CAIC: Colorado Avalanche Information Center

2016/02/05 - Colorado - Cottonwood Pass, west of Buena Vista

Published 2016/06/14 by Ethan Greene and Ian Hoyer - Forecasters, CAIC

Avalanche Details

  • Location: Cottonwood Pass, west of Buena Vista
  • State: Colorado
  • Date: 2016/02/05
  • Time: 11:00 AM (Estimated)
  • Summary Description: 1 snow bike rider, caught, partially buried-critical, and killed
  • Primary Activity: Snowmobiler
  • Primary Travel Mode: Snowmobile
  • Location Setting: Backcountry


  • Caught: 1
  • Partially Buried, Non-Critical: 0
  • Partially Buried, Critical: 1
  • Fully Buried: 0
  • Injured: 0
  • Killed: 1


  • Type: SS
  • Trigger: AV - Vehicle (specify vehicle type in comments)
  • Trigger (subcode): u - An unintentional release
  • Size - Relative to Path: R2
  • Size - Destructive Force: D2
  • Sliding Surface: O - Within Old Snow


  • Slope Aspect: E
  • Site Elevation: 12200 ft
  • Slope Angle: 36 °
  • Slope Characteristic: Convex Slope

Avalanche Comments

This was a soft slab avalanche, triggered by a person on a motorized snow bike, small relative to what the avalanche path could produce, large enough to kill a person but not large enough to destroy a timber structure, that broke into old snow (SS-AV-R2D2-O). The avalanche ran on an interface between a layer of rounding faceted particles (FCxr) and rounded particles (RGlr). There was a thin layer of small faceted particles (FCso) at the top of the rounding layer. The avalanche broke into the depth hoar (DHcp) in places. The alpha angle for this event was 23 degrees. The path can produce much larger avalanches that run onto and across the lake (see Google Earth images). This was a Persistent Slab avalanche.

Weather Summary

A storm moved into the Cottonwood Pass area on January 31.  By the evening of February 1, around 15 inches of snow fell at the Cottonwood Pass weather station, less than 0.5 miles to the southeast of the accident site. At weather stations in the Sawatch Range, winds during and after the storm were from the northwest at 10 to 15 mph. Temperatures were around 15 F when the storm began and consistently dropped over the next several days. Temperatures never warmed above -5 F on February 3rd. February 4 was around about 10 F warmer. Temperatures were in the single digits, winds were 10 mph out of the west-northwest, and skies were clear on the morning of February 5.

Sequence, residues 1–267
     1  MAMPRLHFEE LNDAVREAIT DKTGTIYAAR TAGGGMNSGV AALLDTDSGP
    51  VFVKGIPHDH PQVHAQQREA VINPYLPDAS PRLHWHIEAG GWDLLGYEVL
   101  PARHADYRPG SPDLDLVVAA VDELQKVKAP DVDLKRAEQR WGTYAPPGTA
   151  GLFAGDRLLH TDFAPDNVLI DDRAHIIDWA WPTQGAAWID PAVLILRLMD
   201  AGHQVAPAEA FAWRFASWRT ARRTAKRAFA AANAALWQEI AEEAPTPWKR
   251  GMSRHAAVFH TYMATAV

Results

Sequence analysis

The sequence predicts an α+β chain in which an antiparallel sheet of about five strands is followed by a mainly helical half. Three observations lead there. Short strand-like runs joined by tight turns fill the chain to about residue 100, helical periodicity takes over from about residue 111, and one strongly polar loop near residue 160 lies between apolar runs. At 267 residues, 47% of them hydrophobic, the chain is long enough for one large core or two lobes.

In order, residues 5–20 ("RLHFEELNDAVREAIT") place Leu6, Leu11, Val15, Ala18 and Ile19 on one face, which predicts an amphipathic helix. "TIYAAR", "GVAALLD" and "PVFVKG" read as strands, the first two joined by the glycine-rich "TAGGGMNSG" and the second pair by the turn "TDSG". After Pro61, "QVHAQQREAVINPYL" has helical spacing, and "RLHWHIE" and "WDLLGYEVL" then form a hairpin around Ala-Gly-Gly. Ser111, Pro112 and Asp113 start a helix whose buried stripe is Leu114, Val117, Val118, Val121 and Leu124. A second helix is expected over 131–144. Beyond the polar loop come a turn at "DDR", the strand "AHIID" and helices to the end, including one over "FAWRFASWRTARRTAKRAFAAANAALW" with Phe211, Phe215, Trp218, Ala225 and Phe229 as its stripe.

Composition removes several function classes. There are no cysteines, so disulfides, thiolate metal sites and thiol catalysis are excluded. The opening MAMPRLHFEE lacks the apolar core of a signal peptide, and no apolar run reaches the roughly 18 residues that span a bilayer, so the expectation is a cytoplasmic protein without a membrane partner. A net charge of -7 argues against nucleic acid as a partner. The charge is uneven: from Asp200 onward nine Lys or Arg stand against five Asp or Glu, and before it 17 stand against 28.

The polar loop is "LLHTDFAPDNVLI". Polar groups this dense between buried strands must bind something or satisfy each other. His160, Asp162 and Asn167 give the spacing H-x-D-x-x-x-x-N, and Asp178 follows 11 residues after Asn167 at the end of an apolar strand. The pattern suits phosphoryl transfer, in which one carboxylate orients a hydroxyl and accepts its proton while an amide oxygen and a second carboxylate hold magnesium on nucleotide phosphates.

Snowpack Summary

The snowpack near Cottonwood Pass remained quite shallow through November and early December. Cold temperatures and extended periods between snowfalls produced faceted snow grains throughout the entire snowpack. A series of storms in late December and early January built layers of storm and wind-drifted snow on top of this weak foundation. Another period of cold and dry weather in early January produced a faceted snow layer near the snow surface. A sizable storm impacted the area January 15 through 21. The storm snow and strong winds created a cohesive slab of snow above the early January faceted layer. Another storm January 31 to February 1 added additional snow. By February 5, west-northwest winds drifted a cohesive slab to cap off the snowpack on this east-facing slope.

Events Leading to the Avalanche

Rider 1 unloaded his snow bike and left the Denny Creek trailhead around 10:00 AM. He traveled up the groomed portion of CR306 to treeline on the east side of Cottonwood Pass. He rode around on low-angle slopes to the southeast of Cottonwood Pass. After some time he rode above a large bench in the terrain and began climbing on to steeper slopes below a prominent ridgeline.